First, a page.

Today, Facebook and Twitter seem to reign the waves, but again, new online communities continue to spring up to offer unique opportunities for organizing certain kinds of communities. I can’t even begin to list all the websites that could be classified as social networks, you can look for more on this Wikipedia listing of social networks, or I love to get lost in the “Conversation Prism” – here’s the author’s blog post.

Since starting out with NCH five years ago as an AmeriCorps*VISTA volunteer, I’ve seen the organization’s fundraising and outreach change quite a bit. Back then, we focused on sending out appeal letters a few times a year and writing grant proposals, but had just moved to an online only newsletter. Now, we look for more diverse funding sources, and spend a good amount of time connecting to our supporters and members through online and social media – Twitter, Facebook, the Bring America Home Blog, and many others (, MySpace, YouTube, Razoo, etc.).

The question I keep coming back to is how do we effectively engage the NCH community in ending homelessness through these networks? Can online advocacy make a difference?

We have raised some funds over the years from Facebook Causes, and have passed along several successful petitions through Advocacy in all its forms is hard to quantify, but we know that we have the ears (or screens) of well over 15,000 advocates through various social media websites.

Recently, we sent out surveys on our social networks, Facebook and Twitter, asking you how we could improve our social networking presence. (To all of you who responded, thank you!) Through this experience, we got to know a little about you and how you interact with NCH online. Some of the things we learned were:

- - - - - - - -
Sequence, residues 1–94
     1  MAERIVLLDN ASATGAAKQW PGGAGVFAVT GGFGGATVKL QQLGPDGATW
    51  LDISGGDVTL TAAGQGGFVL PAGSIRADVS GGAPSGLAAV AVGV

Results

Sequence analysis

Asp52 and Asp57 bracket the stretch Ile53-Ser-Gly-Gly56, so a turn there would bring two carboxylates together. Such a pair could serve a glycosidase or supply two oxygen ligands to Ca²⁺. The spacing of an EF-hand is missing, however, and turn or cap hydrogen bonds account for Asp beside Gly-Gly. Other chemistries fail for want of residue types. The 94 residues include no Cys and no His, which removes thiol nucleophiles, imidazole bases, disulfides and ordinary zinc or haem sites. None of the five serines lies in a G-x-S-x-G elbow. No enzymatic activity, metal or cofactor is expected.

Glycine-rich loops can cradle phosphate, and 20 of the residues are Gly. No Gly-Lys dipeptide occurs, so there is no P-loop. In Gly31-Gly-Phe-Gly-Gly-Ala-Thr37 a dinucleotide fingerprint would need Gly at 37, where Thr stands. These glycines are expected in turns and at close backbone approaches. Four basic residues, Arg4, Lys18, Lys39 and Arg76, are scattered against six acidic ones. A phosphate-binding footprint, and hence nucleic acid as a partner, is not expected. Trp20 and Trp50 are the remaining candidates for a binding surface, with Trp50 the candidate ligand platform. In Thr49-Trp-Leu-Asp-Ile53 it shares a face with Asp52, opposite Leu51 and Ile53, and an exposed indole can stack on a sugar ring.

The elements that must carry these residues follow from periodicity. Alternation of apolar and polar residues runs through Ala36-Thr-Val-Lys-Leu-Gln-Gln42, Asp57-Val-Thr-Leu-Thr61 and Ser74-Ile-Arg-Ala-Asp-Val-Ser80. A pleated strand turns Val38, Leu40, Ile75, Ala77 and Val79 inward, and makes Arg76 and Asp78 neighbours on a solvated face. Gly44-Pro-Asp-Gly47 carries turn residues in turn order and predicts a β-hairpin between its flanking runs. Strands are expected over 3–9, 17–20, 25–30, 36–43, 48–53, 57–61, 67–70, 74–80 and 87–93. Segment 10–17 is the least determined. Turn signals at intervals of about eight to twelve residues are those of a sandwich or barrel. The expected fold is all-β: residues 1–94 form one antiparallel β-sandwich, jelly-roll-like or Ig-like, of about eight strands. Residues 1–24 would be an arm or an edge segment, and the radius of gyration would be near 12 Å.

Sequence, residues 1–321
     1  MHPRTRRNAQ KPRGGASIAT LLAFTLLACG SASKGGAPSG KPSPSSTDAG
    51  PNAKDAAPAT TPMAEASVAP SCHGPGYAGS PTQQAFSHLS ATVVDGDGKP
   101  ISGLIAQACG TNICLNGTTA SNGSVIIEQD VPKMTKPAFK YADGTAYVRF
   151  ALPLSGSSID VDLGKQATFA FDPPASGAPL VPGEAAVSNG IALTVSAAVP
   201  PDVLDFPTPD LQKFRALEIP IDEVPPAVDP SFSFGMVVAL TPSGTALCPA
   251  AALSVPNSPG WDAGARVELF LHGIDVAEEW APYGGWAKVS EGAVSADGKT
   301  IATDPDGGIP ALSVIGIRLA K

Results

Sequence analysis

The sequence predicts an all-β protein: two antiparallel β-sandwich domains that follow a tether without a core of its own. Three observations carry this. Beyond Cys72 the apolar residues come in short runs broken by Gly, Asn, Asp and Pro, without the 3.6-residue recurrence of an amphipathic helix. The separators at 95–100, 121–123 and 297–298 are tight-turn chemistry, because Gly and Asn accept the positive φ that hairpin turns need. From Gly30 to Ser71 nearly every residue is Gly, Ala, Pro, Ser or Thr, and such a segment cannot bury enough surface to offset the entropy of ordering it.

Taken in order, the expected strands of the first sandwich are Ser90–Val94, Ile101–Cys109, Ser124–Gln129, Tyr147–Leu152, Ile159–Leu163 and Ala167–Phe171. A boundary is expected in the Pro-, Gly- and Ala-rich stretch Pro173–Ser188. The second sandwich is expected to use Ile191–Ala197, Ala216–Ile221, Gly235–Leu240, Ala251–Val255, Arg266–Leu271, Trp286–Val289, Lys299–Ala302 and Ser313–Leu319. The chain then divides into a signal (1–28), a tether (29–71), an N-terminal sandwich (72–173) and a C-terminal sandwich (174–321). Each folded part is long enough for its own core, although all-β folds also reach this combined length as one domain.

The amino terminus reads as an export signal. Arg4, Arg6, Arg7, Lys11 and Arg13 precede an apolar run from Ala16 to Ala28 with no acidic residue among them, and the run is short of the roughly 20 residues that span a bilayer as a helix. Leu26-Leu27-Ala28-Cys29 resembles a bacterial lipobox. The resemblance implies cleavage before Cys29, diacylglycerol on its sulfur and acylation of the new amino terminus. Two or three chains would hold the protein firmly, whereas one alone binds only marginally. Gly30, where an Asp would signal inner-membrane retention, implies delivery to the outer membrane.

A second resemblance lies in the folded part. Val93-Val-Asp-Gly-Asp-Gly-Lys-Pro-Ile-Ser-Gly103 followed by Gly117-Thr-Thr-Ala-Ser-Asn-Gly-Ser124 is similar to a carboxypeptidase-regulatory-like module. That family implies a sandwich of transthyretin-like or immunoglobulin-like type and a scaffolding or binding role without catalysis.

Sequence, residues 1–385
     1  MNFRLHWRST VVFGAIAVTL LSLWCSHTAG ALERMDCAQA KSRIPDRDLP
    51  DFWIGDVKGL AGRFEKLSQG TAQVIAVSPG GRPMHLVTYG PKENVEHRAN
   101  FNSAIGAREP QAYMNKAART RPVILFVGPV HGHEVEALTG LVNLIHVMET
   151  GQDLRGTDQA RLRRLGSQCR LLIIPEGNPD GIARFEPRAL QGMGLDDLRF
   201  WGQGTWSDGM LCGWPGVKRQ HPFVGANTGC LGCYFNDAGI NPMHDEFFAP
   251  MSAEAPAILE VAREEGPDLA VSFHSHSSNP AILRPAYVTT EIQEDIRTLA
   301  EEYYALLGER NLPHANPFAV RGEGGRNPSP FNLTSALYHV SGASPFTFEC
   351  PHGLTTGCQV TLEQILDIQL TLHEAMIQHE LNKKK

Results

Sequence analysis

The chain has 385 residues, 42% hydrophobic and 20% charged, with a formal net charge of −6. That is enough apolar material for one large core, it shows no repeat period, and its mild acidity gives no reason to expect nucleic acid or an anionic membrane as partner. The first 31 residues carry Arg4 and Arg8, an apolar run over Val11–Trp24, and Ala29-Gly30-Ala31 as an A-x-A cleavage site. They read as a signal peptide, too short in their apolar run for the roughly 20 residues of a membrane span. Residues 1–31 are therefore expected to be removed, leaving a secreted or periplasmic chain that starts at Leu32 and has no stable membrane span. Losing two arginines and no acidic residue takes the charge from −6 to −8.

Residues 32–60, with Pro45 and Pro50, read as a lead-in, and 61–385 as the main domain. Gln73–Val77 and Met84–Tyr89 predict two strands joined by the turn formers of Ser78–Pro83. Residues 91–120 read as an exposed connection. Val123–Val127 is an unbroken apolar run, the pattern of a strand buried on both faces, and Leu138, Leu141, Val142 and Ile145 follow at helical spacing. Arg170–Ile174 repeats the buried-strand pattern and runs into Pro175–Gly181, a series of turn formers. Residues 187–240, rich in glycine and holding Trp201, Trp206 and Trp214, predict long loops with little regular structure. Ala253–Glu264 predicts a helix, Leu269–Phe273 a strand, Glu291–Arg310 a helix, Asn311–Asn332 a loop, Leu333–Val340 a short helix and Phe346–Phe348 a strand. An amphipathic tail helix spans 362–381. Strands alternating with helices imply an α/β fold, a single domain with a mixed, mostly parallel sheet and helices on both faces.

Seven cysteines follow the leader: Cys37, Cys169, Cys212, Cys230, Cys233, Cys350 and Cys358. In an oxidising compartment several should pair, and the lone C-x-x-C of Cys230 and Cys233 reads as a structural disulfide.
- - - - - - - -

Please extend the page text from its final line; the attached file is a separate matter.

• Many of you first engaged with us through social media to learn more about advocacy for the homeless
  • We Tweet just the right amount, but you would prefer if we posted more on Facebook.
  • You are most interested in the subjects of homeless organizations and services, and homeless services, but those on Facebook would like to see more direct testimonials from people experiencing homelessness
  • Interestingly, most of you work for another organization relating to homelessness

Finally, we learned that only a few of you who engage with us on Facebook and Twitter are active, contributing members of NCH. We know budgets are tight all around, but if you’re able to become a member, this holiday season is a great time to do so!

We have already begun to use this information to (hopefully!) improve our social networking interactions with you. But is there more we can be doing? Are we making a difference by educating with news stories, sharing the faces and voices of those who experience homelessness, or spreading awareness of what our great partners are doing across the country?

We’re always open to more suggestions, or examples of successes you have had in mobilizing your online community. Please feel free to leave your comments or contact me at 202-462-4822 or

Occupy Homelessness

Written by NCH Staff on . Posted in Awareness

As the Occupy protests around the nation continue to dominate the news cycles, we have noticed several disturbing stories concerning the homeless. I felt it was time for a response. Some Occupy protests have protested the inclusion of the homeless in the movement, due to ironic judgments that homeless are only there to leech food and shelter, and give a bad face to the protest. This is after many of the protests displaced homeless populations that were formerly living in the parks where the Occupiers have taken up residence. There have been reports that at Occupy Boston, the protesters have been abusing the services provide by local homeless drop in centers. Finally, in cities around the country there are laws that have been used in the past to forcefully eject homeless encampments and prevent the homeless from staying too long in any one place. However, some of these same cities have welcomed the Occupy encampments as democratic heroes, allowing them to stay in spite of the laws against encampments. This is blatant discrimination against the homeless.